Crawley appealed her conviction to the Minnesota Court of Appeals. In a divided decision, the court of appeals reversed Crawley's conviction and remanded the case for sentencing on the subdivision 1 verdict. Crawley, 789 N.W.2d at 910. The majority of the court categorized the speech at issue as an " intentional lie" that was not protected by the First Amendment. Id. at 903 (emphasis omitted). The majority stated that " even though intentional falsehoods are subject to regulation, the government cannot pick and choose which falsehoods to prohibit so as to criminalize certain false statements but not others based on the content of the speech or viewpoint of the speaker." Id. at 904. The majority concluded that subdivision 2 violates the First Amendment because it criminalizes " false critical information" but not " false exonerating information," contrary to the prohibition on viewpoint discrimination announced in R.A.V. v. City of St. Paul, 505 U.S. 377, 395, 112 S.Ct. 2538, 120 L.Ed.2d 305 (1992). Crawley, 789 N.W.2d at 910. The court of appeals dissent, on the other hand, concluded that the statute targeted speech within the unprotected category of defamation, not simple " lies." Id. (Harten, J., dissenting) (emphasis omitted). The dissent reasoned that, when viewed as a regulation of defamation, section 609.505, subdivision 2, comes within the exceptions to the R.A.V. prohibition on content discrimination. Crawley, 789 N.W.2d at 911-12 (Harten J., dissenting). The State sought further review,2 which we granted. 3

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We begin by noting certain principles of First Amendment law that will frame our discussion of this case. Content-based restrictions of speech 4 are presumptively invalid, R.A.V., 505 U.S. at 382, 112 S.Ct. 2538, and ordinarily subject to strict scrutiny, United States v. Playboy Entm't Grp., Inc., 529 U.S. 803, 813, 120 S.Ct. 1878, 146 L.Ed.2d 865 (2000). But the Supreme Court " ha[s] long recognized that the government may regulate certain categories of expression consistent with the Constitution." Virginia v. Black, 538 U.S. 343, 358, 123 S.Ct. 1536, 155 L.Ed.2d 535 (2003). As explained recently by the Supreme Court in United States v. Stevens:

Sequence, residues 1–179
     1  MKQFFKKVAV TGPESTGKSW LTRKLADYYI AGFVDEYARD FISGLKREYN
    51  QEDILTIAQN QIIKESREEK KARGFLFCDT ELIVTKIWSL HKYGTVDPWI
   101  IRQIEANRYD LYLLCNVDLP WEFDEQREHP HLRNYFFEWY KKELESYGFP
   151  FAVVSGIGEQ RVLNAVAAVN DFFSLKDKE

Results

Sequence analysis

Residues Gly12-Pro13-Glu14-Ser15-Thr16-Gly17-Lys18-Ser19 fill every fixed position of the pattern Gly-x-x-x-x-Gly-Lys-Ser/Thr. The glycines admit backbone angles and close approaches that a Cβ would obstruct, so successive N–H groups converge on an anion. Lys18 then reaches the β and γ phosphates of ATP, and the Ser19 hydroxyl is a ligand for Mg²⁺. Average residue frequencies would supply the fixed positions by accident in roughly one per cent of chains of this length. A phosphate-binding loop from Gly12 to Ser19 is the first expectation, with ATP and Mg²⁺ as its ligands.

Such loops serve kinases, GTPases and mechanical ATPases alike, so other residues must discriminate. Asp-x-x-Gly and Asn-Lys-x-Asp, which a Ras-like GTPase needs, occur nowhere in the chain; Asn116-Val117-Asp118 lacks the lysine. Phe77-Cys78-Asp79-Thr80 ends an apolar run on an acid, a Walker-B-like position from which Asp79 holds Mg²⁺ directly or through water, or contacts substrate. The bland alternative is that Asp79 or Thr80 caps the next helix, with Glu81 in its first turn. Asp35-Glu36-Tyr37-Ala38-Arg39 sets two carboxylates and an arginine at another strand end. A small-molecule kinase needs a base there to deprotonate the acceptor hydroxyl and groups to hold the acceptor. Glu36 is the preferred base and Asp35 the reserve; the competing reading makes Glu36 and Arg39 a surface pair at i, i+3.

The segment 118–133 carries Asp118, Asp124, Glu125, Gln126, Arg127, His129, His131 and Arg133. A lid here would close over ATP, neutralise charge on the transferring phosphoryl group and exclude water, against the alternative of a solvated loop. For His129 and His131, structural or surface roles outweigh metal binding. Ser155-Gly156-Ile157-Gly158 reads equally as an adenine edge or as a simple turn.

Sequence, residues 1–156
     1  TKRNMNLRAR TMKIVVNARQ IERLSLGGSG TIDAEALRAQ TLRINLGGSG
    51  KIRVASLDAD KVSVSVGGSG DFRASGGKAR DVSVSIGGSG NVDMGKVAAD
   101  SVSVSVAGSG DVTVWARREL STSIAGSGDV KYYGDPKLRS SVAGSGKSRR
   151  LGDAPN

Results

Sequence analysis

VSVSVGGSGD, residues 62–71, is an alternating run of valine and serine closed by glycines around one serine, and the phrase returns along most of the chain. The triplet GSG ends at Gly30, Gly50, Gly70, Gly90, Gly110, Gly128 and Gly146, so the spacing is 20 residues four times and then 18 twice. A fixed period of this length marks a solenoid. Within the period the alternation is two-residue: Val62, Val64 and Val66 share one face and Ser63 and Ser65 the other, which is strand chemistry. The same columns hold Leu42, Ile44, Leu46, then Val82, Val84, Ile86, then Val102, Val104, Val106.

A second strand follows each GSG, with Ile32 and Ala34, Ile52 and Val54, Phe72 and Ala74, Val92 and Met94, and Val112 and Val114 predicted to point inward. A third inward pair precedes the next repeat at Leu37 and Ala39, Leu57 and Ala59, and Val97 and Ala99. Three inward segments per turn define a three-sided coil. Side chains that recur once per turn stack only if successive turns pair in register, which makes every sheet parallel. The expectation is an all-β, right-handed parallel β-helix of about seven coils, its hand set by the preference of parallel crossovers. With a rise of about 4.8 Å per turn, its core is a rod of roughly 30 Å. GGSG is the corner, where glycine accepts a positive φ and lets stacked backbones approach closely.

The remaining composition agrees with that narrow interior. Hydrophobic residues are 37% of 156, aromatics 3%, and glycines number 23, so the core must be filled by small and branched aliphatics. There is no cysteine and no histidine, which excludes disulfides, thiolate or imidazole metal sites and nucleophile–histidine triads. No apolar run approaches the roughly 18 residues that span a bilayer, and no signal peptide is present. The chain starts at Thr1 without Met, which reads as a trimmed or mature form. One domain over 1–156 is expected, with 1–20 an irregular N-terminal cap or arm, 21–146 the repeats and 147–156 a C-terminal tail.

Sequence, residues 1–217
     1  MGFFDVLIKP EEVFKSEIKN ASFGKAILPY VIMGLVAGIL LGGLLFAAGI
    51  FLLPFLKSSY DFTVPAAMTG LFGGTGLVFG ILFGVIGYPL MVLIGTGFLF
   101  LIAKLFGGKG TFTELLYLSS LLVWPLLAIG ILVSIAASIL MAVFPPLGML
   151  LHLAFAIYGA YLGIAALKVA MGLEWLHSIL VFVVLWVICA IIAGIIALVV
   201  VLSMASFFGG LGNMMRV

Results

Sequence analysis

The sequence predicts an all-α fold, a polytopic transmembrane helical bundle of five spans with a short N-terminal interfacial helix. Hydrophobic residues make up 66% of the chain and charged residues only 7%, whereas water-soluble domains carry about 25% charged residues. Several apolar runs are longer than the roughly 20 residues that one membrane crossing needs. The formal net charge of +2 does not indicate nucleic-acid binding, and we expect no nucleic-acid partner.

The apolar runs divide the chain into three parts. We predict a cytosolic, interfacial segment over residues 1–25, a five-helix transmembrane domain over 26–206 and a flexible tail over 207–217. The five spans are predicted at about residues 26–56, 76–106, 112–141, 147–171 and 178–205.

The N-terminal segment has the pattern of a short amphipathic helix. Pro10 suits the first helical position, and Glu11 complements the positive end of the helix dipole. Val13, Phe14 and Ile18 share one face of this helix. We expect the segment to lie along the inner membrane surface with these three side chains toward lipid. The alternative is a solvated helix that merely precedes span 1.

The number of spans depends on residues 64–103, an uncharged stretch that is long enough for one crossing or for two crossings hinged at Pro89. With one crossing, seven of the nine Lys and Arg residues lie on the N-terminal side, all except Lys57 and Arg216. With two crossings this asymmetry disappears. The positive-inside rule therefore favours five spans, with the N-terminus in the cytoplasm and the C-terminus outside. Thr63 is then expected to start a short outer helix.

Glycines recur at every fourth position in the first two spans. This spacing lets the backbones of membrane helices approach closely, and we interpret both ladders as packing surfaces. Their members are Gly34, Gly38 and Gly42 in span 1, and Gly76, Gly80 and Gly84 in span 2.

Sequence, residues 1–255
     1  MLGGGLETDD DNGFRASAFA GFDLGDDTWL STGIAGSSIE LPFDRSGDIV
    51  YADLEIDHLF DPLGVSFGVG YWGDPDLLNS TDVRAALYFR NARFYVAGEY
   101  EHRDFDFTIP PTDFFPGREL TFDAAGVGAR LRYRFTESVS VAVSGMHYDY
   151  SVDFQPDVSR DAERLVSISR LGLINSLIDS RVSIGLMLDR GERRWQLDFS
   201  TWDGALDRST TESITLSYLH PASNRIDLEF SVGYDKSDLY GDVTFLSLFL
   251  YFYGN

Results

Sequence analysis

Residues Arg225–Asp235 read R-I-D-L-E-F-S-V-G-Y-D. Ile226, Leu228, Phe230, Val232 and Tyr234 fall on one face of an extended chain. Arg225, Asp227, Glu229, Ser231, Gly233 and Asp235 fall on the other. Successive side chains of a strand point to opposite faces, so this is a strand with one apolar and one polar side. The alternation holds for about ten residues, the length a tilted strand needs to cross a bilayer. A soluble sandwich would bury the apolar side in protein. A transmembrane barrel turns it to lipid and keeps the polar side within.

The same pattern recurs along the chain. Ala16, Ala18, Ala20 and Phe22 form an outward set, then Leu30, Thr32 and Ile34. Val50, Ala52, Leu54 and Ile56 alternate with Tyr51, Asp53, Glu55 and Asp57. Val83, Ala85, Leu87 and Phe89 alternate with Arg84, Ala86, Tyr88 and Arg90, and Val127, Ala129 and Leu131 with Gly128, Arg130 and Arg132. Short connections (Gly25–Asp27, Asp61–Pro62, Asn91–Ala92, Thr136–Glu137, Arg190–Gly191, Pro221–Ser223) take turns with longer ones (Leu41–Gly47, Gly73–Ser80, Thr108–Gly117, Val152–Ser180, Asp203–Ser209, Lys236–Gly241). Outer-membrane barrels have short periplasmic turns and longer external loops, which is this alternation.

From 1791 to the present, ... the First Amendment has permitted restrictions upon the content of speech in a few limited areas, and has never included a freedom to disregard these traditional limitations. These historic and traditional categories long familiar to the bar ... include[d] obscenity, defamation, fraud, incitement, and speech integral to criminal conduct....

--- U.S. __, 130 S.Ct. 1577, 1584, 176 L.Ed.2d 435 (2010) (citations omitted) (internal quotation marks and alterations omitted). Categories of speech such as obscenity and defamation that may be restricted without violating the First Amendment are often called " unprotected speech," R.A.V., 505 U.S. at 406, 112 S.Ct. 2538, and can, " consistently with the First Amendment, be regulated because of their constitutionally proscribable content." Id. at 383, 112 S.Ct. 2538 (emphasis omitted). But these unprotected categories of speech are not " entirely invisible to the Constitution, so that they may be made the vehicles for content...